Though it won't replace 4G in its entirety, 5G is the next generation of mobile connectivity. 5G works fast, and many industries and products can benefit from the upgraded network, including drones, self-driving cars and internet-of-things devices. Its growth across the US, the UK and the wider world has been fast, but it's still not everywhere quite yet, so make sure 5G coverage is available -- or at least coming soon -- in your area before you spend your cash on a 5G-enabled handset. With 5G handsets being offered by every major phone manufacturer now, it can be difficult to work out which is best for you. We've done some of the hard work and put together a list of our top 5G-enabled phones that you can go and buy right now.
What is the best 5G phone right now?
In 2023, there isn't one specific phone that stands conspicuously head and shoulders above the others. If you're an iOS user the best phone you can buy is the iPhone 14 Pro. It has an A16 Bionic processor, a new main camera with a larger and higher megapixel sensor, and the Dynamic Island, a display cutout that shows system alerts and background activities.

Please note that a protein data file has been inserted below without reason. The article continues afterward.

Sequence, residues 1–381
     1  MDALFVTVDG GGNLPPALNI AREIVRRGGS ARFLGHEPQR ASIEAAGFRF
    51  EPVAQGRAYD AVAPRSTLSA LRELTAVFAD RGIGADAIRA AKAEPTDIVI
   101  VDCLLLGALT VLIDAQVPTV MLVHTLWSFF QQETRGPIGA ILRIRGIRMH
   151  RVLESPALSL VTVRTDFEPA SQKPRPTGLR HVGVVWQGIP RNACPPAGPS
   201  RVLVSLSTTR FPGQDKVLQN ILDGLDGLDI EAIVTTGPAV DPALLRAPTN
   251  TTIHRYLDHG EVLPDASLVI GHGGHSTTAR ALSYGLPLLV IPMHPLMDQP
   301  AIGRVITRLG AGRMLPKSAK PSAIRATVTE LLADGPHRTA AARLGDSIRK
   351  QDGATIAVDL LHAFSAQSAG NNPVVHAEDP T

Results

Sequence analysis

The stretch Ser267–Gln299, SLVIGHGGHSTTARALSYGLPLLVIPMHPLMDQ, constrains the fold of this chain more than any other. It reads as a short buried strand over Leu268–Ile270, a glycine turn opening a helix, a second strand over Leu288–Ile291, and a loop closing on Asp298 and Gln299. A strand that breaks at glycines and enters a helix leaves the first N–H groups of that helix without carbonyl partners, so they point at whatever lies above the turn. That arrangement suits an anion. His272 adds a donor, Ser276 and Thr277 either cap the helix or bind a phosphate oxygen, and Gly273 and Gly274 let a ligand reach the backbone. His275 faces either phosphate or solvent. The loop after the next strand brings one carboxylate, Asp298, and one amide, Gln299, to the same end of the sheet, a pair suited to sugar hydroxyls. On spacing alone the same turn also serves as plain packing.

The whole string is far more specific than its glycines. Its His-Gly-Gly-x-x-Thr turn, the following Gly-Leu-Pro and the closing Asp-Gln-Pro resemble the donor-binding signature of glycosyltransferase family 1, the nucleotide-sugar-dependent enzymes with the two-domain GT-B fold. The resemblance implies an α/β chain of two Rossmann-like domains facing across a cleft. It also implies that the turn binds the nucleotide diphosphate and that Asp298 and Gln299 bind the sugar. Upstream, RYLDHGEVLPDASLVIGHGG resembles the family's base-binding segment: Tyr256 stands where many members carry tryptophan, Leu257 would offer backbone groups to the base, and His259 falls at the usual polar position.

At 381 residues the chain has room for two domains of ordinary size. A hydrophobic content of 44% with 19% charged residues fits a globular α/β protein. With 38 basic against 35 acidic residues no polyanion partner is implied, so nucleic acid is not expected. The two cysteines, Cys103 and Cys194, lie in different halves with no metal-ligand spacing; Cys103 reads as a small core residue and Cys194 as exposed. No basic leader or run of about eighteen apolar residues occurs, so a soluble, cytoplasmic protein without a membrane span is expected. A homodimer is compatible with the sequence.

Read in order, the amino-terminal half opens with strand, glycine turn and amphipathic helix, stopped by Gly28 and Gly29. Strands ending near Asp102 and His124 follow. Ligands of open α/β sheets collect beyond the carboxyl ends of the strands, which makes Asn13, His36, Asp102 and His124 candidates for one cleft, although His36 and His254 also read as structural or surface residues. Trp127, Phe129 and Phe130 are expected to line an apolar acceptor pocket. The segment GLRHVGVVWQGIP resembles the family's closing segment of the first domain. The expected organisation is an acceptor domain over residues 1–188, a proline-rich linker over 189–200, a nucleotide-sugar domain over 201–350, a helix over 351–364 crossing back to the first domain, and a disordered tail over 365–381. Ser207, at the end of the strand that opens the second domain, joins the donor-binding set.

If you're on Android, our favorite phone is the Google Pixel 7 Pro. We like it better than the Samsung Galaxy S23 Ultra mainly because, at $899, the Pixel 7 Pro costs $300 less than the S23 Ultra. The Pixel has an upgraded camera, runs on Google's Tensor G2 chip and comes with exclusive goodies like Photo Unblur.
Apple's iPhone 15 Pro and Pro Max bring a variety of changes, including a new customizable Action button, powerful camera upgrades, thinner bezels, a lightweight titanium design and the new A17 Pro processor. All these upgrades come together to make for an experience that feels fresh and fast compared with older generations.
It's the most expensive iPhone you can buy, especially if you opt for the larger Max version, but if you want the high performance and stellar camera quality of Apple's top phone, then the iPhone 15 Pro is for you. Read our iPhone 15 Pro review.
The Action button is fantastic
Main camera takes excellent photos
A17 Pro chip is blazing fast
Telephoto camera still not the best in low light
Wish there was an easier way to simplify the always-on display